Tartan uprising

When Emma Watson stepped on the red carpet in her McQ tartan puffball minidress and spiky heels for the GQ Men of the Year Awards earlier this autumn, she became, to even her own surprise, the fashion story of the evening. Dubbed “the tartan rocker” by MTV she also recorded a 90 per cent approval rating for her outfit in an AOL poll of the day; stealing the show from fellow presenter Sophie Dahl who also turned up in a tartan minidress.

So why is tartan hip again? “It’s the sense of rebellion,” says London-born Marcus Wainright, co-owner of cool New York label Rag & Bone, referring to the counter-intuitive use of Scottish plaid in Watson’s otherwise adventurous frock. “It’s taking something real or royal and treating it without respect.”

This idea was also the basis of a sartorial revolution as imagined in the mid 1970s by Vivienne Westwood, whose tartan bondage pants defined her punk aesthetic, and later adopted and adapted by Alexander McQueen, whose 1995 collection, “Highland Rape”, featured battered and bruised models sauntering down the runway in shredded plaids. Today’s tartan, however, is less aggressive in its presentation, relying on surprising juxtapositions for its allure as opposed to outright destruction, whether symbolic or real.

“The traditional kilt with loafers is boring,” says Wendy Dagworthy, dean of the school of material and head of fashion at the Royal College of Art. “But if worn in a modern way and mixed with other things like a flower or stripe, tartan works.” And not just for Christmas or Scottish line dancing – though that’s not to say it isn’t good for Christmas, especially as reimagined in a rainbow of different options, from day to elegant evening.

Alexander McQueen Highland Rape collection 1995 (left) and Kate Moss in Vivienne Westwood 1993 (right)

“This year tartan is ginormous,” says stylist Maureen Vivian, who works with celebrities from Victoria and David Beckham to Pierce Brosnan and George Clooney’s ex, Lisa Snowden. “It is literally everywhere.” It’s on hip tiny tartan shorts from Dsquared2, tartan Rollergirl flats by Christian Louboutin and a Vivienne Westwood signature bag. Even the mascot of the BBC’s charity appeal Children in Need, Pudsey bear, was given a tartan makeover by Henry Holland and E Tautz designer Patrick Grant. Auctioned for the charity, the bears raised £820 and £530 respectively.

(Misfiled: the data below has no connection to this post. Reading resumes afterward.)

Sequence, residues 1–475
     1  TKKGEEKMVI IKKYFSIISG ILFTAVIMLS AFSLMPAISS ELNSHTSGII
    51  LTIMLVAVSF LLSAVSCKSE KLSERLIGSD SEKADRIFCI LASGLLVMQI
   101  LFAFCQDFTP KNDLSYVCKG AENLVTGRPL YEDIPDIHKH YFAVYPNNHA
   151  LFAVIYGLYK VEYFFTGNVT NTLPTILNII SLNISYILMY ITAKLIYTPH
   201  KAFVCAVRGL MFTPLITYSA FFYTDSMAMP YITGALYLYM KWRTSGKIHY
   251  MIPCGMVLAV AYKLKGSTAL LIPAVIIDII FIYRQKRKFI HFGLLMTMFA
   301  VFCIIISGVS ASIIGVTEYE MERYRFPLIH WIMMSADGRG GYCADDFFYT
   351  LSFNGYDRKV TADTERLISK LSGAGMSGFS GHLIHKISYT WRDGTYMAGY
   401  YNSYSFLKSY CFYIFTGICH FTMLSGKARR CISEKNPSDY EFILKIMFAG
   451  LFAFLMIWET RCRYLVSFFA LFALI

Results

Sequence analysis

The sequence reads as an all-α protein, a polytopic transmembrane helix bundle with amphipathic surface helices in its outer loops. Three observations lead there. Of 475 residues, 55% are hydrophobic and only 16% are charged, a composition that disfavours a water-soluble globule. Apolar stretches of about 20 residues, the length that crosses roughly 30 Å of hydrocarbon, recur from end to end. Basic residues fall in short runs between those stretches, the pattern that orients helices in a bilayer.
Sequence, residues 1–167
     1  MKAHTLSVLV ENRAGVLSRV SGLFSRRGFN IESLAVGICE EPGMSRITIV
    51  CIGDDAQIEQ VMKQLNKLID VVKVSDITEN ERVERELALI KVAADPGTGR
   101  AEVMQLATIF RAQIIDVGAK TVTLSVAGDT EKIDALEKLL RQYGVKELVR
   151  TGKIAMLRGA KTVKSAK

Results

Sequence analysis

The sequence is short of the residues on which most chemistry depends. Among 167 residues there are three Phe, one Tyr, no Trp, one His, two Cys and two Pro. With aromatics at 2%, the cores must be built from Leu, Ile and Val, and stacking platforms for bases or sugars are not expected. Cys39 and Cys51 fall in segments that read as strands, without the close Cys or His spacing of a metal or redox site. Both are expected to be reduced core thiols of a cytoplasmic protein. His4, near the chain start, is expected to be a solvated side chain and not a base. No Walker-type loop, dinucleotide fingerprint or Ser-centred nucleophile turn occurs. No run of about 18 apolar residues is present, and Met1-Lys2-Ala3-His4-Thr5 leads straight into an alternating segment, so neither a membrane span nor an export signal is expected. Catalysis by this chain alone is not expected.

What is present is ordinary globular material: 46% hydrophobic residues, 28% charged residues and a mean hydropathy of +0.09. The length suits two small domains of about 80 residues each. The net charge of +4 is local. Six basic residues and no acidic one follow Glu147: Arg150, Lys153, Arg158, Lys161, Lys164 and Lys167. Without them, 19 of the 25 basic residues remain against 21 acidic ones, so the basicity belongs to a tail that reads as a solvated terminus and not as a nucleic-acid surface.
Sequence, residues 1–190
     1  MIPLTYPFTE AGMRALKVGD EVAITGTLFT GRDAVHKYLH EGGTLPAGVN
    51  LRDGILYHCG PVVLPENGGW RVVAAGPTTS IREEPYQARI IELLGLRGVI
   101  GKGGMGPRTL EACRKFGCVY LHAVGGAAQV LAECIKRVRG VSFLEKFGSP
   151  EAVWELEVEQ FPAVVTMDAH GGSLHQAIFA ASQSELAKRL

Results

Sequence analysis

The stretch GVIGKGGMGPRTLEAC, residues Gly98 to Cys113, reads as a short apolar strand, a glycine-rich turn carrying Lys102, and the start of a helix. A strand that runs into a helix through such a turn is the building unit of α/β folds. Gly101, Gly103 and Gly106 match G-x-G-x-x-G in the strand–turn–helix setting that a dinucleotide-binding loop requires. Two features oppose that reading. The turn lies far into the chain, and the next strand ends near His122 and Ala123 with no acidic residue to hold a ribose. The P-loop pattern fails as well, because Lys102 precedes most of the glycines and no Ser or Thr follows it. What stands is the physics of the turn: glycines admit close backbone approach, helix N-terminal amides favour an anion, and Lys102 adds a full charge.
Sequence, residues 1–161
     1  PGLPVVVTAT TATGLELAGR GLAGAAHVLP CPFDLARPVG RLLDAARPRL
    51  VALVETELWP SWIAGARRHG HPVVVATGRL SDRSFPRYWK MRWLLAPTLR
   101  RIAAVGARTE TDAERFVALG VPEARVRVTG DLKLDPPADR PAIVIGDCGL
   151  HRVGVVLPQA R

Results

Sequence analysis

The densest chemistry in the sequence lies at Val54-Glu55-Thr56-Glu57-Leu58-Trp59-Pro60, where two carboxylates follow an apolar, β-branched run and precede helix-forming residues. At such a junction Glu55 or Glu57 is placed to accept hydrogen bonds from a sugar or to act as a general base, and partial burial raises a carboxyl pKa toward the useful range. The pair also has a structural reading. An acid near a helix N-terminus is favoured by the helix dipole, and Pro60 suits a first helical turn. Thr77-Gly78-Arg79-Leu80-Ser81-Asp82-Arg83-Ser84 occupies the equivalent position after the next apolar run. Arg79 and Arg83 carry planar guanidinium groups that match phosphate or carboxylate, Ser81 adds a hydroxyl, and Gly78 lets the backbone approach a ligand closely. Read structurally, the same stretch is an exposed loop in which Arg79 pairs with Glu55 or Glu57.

Andrea Panconesi, chief executive officer of luxury online fashion retailer luisaviaroma.com, for example, notes: “[Joseph] Altuzarra used the print on silk this autumn/winter, taking it out of its daywear element and projecting on to pieces that can be worn in the evening” – specifically a silk satin wrap­around tartan skirt and silk chiffon layered dress that clings elegantly to the body. Meanwhile, Ruth Runberg, buying director at Browns, cites “Opening Ceremony, which lined a very dainty dropped waist lace minidress with an unexpected bold tartan, making a pretty lace dress a bit more cool” as a prime example of the trend.

According to the New York designer Thakoon Panichgul, who gave his autumn/­winter tartans a luxe sporty feel: “I wanted to take plaid out of the traditional and do something more popular and street. We ruched up the taffeta anorak with drawstring, which makes it sporty, and puffed up a skirt into a bustle, turning tartan into a Rococo [18th century style] sport couture.”

Then there’s Rag & Bone’s Wainwright, who believes: “It’s all about layering. We juxtaposed the soft tartan fringed skirt with a cream padded biker jacket on top and 70s padded ski pants underneath to give a harder, more modern edge.”

“People want easy to wear pieces they can dress up or down, like East by East West tartan shirt dresses, which they can chuck on by day with leggings and high heels by night,” says Sam Robinson, owner of The Cross boutique in west London.

Pointedly, the bright new colours and blown up prints also work very well commercially, particularly online, where the pattern and tone sends an eye-catching message and encourages consumers to spend extra minutes looking at clothes. Luminous yellow plaids at Prada on 1960s-inspired dresses or Isabel Marant’s bold red checks on punkish cropped tartan trousers make a bold, instantly appealing statement.

Plaid Emma Watson (left) and Sophie Dahl (right) in tartan at the GQ Men of the Year Awards in September

A case in point: Watson’s much-looked-at dress, as well as the floor-skimming, figure-hugging evening looks at Oscar de la Renta. Indeed, dramatic silhouettes give the classic print a more directional edge, according to Suzanne Pendlebury, Buyer at Matches Spy, who favours the fuller, umbrella-shaped navy and cream tartan skirts at Cacharel, oversized cashmere pieces at Crumpet, such as a beige and black biker jacket with hard-edged zips, and cocoon coats with shimmering bugle beads at MaxMara.

Stylist Maureen Vivian says ultimately it’s tartan’s longevity that is at the heart of its value. “In the economic downturn, we look for one great piece,” she says. “Tartan has a history of being incredibly well made, so it also has an automatic stamp of quality.” No matter how surprising the form.










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